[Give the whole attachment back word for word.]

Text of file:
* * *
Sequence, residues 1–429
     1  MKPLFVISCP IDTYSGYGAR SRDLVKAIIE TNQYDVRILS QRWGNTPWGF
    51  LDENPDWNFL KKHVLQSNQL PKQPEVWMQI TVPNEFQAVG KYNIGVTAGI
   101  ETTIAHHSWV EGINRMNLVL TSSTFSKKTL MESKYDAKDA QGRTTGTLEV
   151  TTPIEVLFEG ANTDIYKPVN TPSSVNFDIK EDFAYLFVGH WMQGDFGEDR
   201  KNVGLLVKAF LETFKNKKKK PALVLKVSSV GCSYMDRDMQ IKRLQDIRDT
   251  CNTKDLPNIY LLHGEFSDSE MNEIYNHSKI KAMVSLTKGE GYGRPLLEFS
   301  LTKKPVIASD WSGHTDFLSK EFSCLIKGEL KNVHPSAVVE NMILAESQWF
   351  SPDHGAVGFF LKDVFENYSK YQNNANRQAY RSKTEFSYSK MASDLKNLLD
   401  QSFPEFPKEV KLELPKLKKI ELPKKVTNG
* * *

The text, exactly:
Sequence, residues 1–429
     1  MKPLFVISCP IDTYSGYGAR SRDLVKAIIE TNQYDVRILS QRWGNTPWGF
    51  LDENPDWNFL KKHVLQSNQL PKQPEVWMQI TVPNEFQAVG KYNIGVTAGI
   101  ETTIAHHSWV EGINRMNLVL TSSTFSKKTL MESKYDAKDA QGRTTGTLEV
   151  TTPIEVLFEG ANTDIYKPVN TPSSVNFDIK EDFAYLFVGH WMQGDFGEDR
   201  KNVGLLVKAF LETFKNKKKK PALVLKVSSV GCSYMDRDMQ IKRLQDIRDT
   251  CNTKDLPNIY LLHGEFSDSE MNEIYNHSKI KAMVSLTKGE GYGRPLLEFS
   301  LTKKPVIASD WSGHTDFLSK EFSCLIKGEL KNVHPSAVVE NMILAESQWF
   351  SPDHGAVGFF LKDVFENYSK YQNNANRQAY RSKTEFSYSK MASDLKNLLD
   401  QSFPEFPKEV KLELPKLKKI ELPKKVTNG